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GALACTIC BALLAD by Dark Energy Cameras Captures awesome Images From the Milky

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A camera originally built to research dark energy has obtained a magnificent image of two colliding galaxies. NGC 1512 and NGC 1510, the two galaxies in this image, are part of an interacting pair that has been in the process of merging for 400 million years. The forces are driving star formation and numerous new stars are being formed as the two come closer together, drawn together by gravity.


The larger galaxy on the left of the photograph, NGC 1512, is a barred spiral galaxy similar to our Milky Way. Galaxy NGC 1510, its smaller companion, is a dwarf lenticular galaxy, which means it is a small kind of galaxy that has some spiral and elliptical traits.

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As the two galaxies merge,

you can see tendrils of dust and gas shooting out from the bigger galaxy, with gravitational forces stretching out their shapes and fuelling the star creation shown in the stream of light between them. The two galaxies will eventually combine and become one galaxy.

The duo can be found in the Horologium, or Pendulum Clock, constellation, which is visible in the southern hemisphere. They were observed in detail at 60 million light-years away using NOIRLab’s Dark Energy Camera, better known as DECam. This device, which is housed atop the Victor M. Blanco 4-meter Telescope at Cerro Tololo Inter-American Observatory, was created to study dark matter as part of the Dark Energy Survey project.


The observations for this research, which looked at large areas of space to learn more about dark energy, were completed in 2019. Since then, DECam has been used to acquire further data, such as this image of galactic interaction.

NOIRLab explains that DECam “collect[s] starlight reflected by the telescope’s 4-meter-wide (13-foot-wide) mirror, a large, aluminum-coated, and perfectly shaped piece of glass the weight of a semi-truck.”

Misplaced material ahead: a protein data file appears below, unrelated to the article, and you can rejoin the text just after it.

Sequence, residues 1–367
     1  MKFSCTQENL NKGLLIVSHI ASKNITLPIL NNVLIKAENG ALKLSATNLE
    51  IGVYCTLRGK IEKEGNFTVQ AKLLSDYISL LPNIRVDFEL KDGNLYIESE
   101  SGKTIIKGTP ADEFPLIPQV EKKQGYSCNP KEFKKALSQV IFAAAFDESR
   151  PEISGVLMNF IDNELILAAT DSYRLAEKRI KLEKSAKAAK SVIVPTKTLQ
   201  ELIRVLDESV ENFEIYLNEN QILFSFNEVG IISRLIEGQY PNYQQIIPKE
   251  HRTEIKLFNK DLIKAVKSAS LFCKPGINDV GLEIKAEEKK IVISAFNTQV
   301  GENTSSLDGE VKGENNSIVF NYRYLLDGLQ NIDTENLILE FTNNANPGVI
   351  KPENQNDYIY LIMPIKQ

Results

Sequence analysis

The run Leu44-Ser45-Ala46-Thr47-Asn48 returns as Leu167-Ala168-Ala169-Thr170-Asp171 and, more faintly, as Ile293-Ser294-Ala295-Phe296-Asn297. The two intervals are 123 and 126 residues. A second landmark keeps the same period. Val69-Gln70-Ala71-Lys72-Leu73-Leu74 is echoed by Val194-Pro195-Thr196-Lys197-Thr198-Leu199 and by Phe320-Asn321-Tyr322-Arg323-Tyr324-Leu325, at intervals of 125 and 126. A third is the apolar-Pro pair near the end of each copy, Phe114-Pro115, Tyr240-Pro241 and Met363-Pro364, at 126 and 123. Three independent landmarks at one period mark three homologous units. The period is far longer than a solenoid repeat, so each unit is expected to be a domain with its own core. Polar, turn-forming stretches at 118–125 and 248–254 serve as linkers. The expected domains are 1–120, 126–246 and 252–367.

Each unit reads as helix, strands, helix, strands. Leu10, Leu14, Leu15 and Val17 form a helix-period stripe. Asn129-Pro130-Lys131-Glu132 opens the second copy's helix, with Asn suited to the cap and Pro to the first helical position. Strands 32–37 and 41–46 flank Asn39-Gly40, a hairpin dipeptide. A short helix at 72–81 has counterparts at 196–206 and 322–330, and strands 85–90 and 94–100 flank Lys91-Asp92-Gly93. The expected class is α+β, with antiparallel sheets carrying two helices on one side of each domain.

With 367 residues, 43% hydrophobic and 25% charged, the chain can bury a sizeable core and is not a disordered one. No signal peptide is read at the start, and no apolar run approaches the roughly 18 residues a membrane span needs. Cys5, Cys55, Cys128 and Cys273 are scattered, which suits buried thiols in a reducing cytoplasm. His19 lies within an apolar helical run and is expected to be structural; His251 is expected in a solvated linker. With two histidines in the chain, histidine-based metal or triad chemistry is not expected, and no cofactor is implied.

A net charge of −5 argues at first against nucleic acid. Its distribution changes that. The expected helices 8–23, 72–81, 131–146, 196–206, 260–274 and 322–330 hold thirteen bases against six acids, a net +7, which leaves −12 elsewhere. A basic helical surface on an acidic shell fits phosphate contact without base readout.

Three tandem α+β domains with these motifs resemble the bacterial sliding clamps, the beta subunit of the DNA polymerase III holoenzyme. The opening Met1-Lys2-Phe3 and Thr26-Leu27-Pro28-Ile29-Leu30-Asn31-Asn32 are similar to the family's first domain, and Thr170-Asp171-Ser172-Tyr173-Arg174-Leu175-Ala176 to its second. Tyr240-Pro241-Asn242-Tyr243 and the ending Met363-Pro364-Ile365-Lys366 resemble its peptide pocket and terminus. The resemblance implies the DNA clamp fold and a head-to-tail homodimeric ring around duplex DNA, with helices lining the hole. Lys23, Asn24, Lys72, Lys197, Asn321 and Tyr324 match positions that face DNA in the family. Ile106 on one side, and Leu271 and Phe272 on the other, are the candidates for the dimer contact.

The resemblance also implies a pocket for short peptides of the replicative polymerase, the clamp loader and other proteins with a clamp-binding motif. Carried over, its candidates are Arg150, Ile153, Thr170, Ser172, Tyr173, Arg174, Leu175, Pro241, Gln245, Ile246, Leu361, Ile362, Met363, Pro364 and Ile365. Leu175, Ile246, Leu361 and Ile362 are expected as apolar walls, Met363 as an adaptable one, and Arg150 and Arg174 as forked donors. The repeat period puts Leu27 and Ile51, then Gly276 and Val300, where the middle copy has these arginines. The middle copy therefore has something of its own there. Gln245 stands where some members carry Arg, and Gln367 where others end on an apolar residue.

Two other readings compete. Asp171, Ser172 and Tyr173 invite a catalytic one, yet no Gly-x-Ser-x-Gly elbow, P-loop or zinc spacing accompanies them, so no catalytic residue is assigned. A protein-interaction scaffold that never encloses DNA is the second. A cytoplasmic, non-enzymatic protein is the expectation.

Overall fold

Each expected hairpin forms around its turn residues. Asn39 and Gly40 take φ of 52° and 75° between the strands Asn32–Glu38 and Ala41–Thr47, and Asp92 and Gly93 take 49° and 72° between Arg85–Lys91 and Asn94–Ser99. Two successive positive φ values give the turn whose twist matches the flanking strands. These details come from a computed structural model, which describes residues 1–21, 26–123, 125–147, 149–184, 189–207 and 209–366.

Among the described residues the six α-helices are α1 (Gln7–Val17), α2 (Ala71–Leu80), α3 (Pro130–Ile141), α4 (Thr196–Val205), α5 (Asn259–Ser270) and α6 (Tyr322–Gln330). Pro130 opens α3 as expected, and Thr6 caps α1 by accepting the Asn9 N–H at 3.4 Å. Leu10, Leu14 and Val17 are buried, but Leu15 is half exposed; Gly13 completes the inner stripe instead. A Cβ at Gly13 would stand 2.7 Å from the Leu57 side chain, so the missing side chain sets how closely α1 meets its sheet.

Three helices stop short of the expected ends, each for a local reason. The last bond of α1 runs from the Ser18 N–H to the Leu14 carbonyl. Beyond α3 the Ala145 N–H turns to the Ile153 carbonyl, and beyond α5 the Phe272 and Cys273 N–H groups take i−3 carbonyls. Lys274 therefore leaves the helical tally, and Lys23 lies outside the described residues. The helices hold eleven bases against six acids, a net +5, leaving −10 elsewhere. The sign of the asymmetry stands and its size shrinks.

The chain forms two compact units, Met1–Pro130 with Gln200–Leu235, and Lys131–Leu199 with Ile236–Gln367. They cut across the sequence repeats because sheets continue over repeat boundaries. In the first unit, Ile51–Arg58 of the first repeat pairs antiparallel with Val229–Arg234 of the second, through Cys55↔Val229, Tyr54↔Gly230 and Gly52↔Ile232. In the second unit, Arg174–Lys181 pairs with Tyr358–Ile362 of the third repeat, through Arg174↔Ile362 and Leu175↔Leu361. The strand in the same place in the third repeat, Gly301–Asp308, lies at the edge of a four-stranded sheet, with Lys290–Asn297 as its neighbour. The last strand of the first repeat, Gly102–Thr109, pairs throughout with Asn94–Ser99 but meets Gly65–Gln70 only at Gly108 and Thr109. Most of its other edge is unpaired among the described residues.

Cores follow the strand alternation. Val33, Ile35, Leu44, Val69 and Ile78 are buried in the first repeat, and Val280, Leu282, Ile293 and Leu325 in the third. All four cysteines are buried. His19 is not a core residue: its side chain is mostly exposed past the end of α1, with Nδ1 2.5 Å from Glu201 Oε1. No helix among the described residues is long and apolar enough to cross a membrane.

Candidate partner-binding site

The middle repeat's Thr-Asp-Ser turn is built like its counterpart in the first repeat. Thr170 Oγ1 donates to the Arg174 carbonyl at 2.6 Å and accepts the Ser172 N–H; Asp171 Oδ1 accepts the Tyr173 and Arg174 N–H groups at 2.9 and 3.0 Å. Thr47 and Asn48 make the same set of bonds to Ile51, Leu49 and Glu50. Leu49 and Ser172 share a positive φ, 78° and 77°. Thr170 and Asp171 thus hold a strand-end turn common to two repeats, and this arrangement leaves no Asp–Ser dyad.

“Starlight is caught by a grid of 62 charge-coupled devices after traveling through the optical innards of DECam, which include a correction lens nearly a meter (3.3 feet) across” (CCDs). These CCDs are similar to the sensors found in regular digital cameras, but they are significantly more sensitive, allowing the instrument to create detailed photos of dim celestial objects like NGC 1512 and NGC 1510.”


Camera for Dark Energy

A four-meter-wide (13-foot-wide) mirror plus a one-meter-wide (3.3-foot-wide) correction lens make up the Dark Energy Camera.


The Dark Energy Camera was created for experts to finish a prior project known as the Dark Energy Survey. The Fermi National Accelerator Laboratory of the US Department of Energy is in charge of this endeavor.


Over 400 scientists from seven countries participated in the Dark Energy Survey. From 2013 to 2019, the researchers identified and photographed nearly 300 million galaxies strewn throughout space as part of the study. The mission’s major goal is to learn more about the dark energy that exists in many of the universe’s planetary neighbors.

The Dark Energy Camera remained involved in other projects requiring photos of distant galaxies after the large-scale survey concluded.


The camera’s most recent shots from the NGC 1512 and NGC 1510 would be the galactic ballet’s final images, as estimates show that the larger galaxy will eventually engulf its dwarf partner. This will end the million-year dance in the future, but it will usher in a new, combined galaxy in our time.

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